John McTiernan (Die Hard) directs Arnold Schwarzenegger who stars as a special forces commander named Major “Dutch Schaefer” in this modern action classic that combines raw action with a sci-fi element. Schwarzenegger’s character may not be much of a stretch for him personally, but you have to admire his acting efforts here and the physical challenges he endured for this role. Most of the male characters had intense physical training for their roles. Schwarzenegger trained so hard, he brought himself to the brink of physical exhaustion. He also got several memorable quips and one-liners that have stood the test of time.
Alan Silversti puts together an excellent score that’s apparent from the beginning as the movie sets up the action filled plot as a military incursion develops into a simple, and violent, showdown. Little Richard’s “Long Tall Sally” song also enhances this film.
The ensuing results definitely don’t disappoint as the simplistic plot, written by brothers Jim and John Thomas (Executive Decision) in their screenwriting debut, gradually increases in drama and realistic emotion with the reveal of the predator creature.
The jungle plays as much as a character as any member of the mostly male cast which includes Carl Weathers, Bill Duke, Jeese Ventura in his film acting debut, Sonny Landham, Richard Chaves, and action screenwriter Shane Black (also in his film acting debut). Ventura had great dialgoue too as he totes a M134 Minigun handheld.
Beginning with Schwarzenegger, these actors (in the same order previously listed) portrayed Major Alan “Dutch” Schaefer, Staff Sergeant George Dillon, Sergeant Mac Eliot, Sergeant Blain Cooper, Sergeant Billy Sole, Corporal Poncho Ramirez, and Corporal Rick Hawkins. Audiences can’t help but feel some sympathy for these characters, even after they wipe out waves of humans in their military duties, because of the systematically cold way they are dealt with by the sci-fi element in the plot.
Elpidia Carrillo (Nine Lives, Salvador) holds her own among the gents as Anna Gonsalves, a local who becomes embroiled among this military men who slowly discover they’re in a situation far more dire than they thought. This great main protagonist cast reappears in a nice “curtain call” sequence during the ending credits.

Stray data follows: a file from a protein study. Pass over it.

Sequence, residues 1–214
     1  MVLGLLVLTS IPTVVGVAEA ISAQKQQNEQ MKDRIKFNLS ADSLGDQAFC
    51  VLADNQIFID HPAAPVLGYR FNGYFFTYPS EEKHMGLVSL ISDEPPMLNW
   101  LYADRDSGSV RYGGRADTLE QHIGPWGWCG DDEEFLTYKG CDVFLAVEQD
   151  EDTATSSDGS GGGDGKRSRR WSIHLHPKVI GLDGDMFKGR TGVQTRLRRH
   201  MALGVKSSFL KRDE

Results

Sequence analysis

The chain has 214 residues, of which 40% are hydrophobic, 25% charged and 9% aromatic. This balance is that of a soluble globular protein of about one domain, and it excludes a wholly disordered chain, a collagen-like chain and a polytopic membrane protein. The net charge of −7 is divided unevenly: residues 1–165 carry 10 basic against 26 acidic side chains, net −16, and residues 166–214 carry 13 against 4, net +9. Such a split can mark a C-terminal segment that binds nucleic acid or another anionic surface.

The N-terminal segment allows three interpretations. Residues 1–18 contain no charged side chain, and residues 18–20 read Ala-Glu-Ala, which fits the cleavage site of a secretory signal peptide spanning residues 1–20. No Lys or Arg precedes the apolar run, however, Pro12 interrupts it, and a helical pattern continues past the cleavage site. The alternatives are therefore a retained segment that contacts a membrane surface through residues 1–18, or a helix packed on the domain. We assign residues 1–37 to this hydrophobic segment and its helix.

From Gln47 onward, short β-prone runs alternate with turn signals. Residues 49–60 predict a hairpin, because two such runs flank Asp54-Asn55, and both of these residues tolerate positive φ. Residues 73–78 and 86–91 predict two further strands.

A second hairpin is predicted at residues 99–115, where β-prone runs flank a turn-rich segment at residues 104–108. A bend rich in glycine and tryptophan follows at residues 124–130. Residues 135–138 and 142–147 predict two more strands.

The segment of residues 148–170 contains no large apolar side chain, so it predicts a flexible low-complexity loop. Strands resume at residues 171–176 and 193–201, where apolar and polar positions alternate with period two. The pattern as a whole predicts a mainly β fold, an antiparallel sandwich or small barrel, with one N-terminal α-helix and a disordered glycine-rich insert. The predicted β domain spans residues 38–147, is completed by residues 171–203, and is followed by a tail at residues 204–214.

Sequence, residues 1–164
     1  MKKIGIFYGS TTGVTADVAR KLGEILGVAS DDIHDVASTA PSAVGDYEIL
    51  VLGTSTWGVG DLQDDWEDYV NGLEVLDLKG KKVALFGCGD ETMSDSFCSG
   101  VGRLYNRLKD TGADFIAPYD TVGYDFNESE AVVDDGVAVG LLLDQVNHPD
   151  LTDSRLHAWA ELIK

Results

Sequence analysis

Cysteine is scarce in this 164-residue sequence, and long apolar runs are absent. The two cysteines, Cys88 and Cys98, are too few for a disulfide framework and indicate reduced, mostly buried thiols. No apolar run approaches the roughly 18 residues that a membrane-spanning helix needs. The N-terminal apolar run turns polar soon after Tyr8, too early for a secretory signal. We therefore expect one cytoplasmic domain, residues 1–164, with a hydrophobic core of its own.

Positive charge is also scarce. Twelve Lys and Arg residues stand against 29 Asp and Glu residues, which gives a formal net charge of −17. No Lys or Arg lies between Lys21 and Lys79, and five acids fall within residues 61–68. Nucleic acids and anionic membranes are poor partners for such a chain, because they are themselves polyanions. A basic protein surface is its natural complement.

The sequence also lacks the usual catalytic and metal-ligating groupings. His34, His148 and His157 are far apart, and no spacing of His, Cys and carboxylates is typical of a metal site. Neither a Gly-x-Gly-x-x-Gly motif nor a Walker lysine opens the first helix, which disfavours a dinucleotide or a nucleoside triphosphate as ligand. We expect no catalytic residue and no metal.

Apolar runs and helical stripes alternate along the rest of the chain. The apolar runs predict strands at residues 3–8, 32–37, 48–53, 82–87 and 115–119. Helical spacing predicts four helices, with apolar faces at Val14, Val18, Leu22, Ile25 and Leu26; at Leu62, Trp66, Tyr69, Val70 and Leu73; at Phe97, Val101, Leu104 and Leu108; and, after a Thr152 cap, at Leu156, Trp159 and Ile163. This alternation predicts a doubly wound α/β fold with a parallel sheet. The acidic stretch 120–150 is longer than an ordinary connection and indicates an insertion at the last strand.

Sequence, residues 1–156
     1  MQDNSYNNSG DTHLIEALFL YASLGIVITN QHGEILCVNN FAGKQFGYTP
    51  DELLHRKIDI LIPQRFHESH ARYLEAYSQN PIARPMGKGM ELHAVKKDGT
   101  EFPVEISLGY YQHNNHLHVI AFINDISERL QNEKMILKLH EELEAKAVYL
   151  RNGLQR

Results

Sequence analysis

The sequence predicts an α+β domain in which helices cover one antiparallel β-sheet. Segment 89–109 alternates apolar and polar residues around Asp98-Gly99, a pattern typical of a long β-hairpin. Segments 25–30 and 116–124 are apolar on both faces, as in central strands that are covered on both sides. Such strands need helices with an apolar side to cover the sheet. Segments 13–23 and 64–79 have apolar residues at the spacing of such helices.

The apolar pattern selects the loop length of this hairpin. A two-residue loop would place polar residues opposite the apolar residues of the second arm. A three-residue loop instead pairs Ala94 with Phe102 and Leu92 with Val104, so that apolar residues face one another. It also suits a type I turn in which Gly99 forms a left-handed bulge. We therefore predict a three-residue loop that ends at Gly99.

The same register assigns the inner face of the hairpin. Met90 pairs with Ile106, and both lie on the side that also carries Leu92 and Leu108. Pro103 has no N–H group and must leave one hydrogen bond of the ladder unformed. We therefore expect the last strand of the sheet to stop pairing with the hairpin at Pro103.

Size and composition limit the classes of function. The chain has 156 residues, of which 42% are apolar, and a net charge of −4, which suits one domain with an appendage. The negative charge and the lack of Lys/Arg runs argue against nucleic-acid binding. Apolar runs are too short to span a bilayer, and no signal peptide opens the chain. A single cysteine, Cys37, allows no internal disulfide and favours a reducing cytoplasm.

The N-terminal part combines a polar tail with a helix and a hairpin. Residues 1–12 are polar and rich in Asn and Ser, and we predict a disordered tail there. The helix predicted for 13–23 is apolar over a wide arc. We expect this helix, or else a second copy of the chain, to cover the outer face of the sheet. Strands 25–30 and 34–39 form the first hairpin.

The towering Kevin Peter Hall (Harry and the Hendersons) portrays the predator creature as well as a helicopter pilot. Peter Cullen (Transformers, King Kong, 1976 version) provides the voice and related sounds of the predator creature. R.G. Armstrong (Dick Tracy) plays General Phillips.
The creature effects (courtesy of Stan Winston), sound, and technical effects add so much realism and emotional impact to the plot. The special effects, Hall’s movements, the stuntwork, sharp sound, and the cinematography from Donald McAlpine (Moulin Rouge!) make this “rumble in the jungle” truly epic.
Like any good show, the very satisfying, and virtually dialogue free, climax definitely lives up to the previous buildup the characters exhibit about this ‘independent foreign study’. Listen carefully to the answer given to Dutch’s question at the end.
Filmed in Mexico (Puerto Vallarta and Palenque), Predator comes highly recommended (***1/2 out of four stars) and is rated R for language, adult situations and graphic violence. Followed by two sequels, comics, video games, novels, and the spin-off franchise Aliens vs. Predator.
Copyright © Michael Siebenaler